Rating: ⭐⭐⭐

I have fond memories of this Roger Moore outing and seem to recall it being one of my favourite Bond movies of all time. Perhaps its the haunting theme song “Nobody Does It Better” sung by Carly Simon, or the disco influenced musical soundtrack written for its chase scenes, and the exotic locales including the Pyramids of Egypt and the white snow capped mountains of Austria. The film’s opening gambit sets the tone right away for this episode with a ski chase ending with astounding ski jump stunt which then morphs to the opening credit theme song. The Spy Who Loved Me has firmly engraved the new standard for all future Bond movies to follow as they try to outdo itself with an opening gambit act that becomes increasingly complex and outlandish.

Watching this again some 40 plus years later, I can understand how this movie was so impressive to me at the time it was released. The movie has some very creative stunts this time around including a car that converts itself into a mini submarine, and a extended car chase sequence that involved motorbikes, helicopter and weaponised scuba divers! I also liked how the Pyramids where used as a backdrop in the sequence where Bond follows his lead and is counter followed by his Russian counterpart agent. The use of lights, music and clever editing made what would have been a routine cat and mouse sequence stand out. The steel teethed Jaws as played by Richard Kiel is an unforgettable nemesis and we can clearly see how Roger Moore struggled to keep up with him physically in his one on one with Jaws lending a bit of credibility to an otherwise tongue in cheek escapade.

American actress Barbara Bach plays the Russian super agent XXX who falls in love with James Bond, hence the title of the movie. While Barbara (famous also for being once married to the Beatles’ Ringo Starr) clearly commands a screen presence with her stunning beauty, her acting leaves a lot to be desired. She appears as amateurish at best and often seen as reciting her lines like a bad take of a scene. I guess acting capability was low on the priority list when casting any Bond girls at that time since male chauvinism and depiction of all women as sex objects and bimbo’s was still firmly rooted in the series. By today’s standard, I would assume all feminists would be up in arms and march on the streets to protest about how degrading the women were being portrayed in the movie.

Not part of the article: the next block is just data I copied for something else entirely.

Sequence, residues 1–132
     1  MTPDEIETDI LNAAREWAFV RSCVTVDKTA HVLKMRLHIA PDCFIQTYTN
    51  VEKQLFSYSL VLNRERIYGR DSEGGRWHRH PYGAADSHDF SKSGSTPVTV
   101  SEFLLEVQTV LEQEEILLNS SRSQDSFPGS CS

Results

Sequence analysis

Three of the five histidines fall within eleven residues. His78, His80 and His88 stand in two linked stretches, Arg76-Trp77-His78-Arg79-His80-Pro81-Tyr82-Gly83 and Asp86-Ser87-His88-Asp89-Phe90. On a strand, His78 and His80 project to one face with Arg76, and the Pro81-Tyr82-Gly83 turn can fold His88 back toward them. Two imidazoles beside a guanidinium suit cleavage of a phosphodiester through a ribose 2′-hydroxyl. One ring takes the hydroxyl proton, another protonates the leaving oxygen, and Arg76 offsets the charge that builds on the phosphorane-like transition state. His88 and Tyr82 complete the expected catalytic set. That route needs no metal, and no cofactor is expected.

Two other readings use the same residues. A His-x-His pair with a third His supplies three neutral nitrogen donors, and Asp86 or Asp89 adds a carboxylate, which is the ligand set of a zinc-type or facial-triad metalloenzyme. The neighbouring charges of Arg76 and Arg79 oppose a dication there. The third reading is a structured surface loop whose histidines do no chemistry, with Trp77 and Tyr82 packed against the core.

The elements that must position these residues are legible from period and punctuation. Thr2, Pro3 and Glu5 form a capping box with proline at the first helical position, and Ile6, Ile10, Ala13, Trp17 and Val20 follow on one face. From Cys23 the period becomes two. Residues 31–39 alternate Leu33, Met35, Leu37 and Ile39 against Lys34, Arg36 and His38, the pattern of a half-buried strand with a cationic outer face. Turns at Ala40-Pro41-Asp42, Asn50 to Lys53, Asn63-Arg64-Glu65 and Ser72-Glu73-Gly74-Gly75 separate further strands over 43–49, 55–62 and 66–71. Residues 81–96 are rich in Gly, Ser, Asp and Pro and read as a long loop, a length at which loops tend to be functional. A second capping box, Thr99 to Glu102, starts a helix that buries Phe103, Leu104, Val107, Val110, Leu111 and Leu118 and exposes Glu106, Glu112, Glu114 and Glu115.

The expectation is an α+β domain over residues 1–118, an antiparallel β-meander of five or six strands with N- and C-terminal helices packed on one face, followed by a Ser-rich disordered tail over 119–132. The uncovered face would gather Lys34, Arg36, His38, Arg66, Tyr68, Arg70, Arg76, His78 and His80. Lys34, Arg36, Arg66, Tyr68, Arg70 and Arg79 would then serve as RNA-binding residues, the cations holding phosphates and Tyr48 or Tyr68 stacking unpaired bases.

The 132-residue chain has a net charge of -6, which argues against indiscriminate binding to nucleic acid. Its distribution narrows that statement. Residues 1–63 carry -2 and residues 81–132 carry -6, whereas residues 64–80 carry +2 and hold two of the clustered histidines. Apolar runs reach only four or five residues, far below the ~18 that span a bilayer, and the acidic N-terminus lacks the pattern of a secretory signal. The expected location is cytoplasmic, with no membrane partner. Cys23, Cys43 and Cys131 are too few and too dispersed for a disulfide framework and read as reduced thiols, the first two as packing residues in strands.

I was enjoying every bit of nonsense and guilty pleasures that the movie had to offer until the final act. In typical boring fashion the climax is one noisy affair with lots of stuff blowing up and people running around shooting each other. The villain of the piece, Stromberg, a mad genius with plans to cause global havoc for some vague reasons, is typically menacing and cruel throughout the movie … until James Bond predictably outsmarts him and deposes of him with no problem. As played by Curt Jurgens, the German actor lends an air of danger with his deadly stare. Alas like his predecessors, he suffered from the habit of talking too much and letting James Bond escape defeat only to have himself be killed off all too easily in a rather unceremonious way.

Apart from the boring final act The Spy Who Loved Me would have been something to remember fondly. Now that I have rewatched this again, I find I liked the previous Bond entry, The Man With The Golden Gun better as that had a better and more even pacing and was less ambitious. A case of being less being actually more? So far as we finish #10 in the series of Bond movies, I personally find George Lazemby’s solo outing as James Bond in On Her Majesty’s Secret Service as my personal favourite Bond movie. I am eager to see what the next 24 movies are like as we approach the opening of Bond #25: No Time To Die slanted for an April 2020 worldwide opening.

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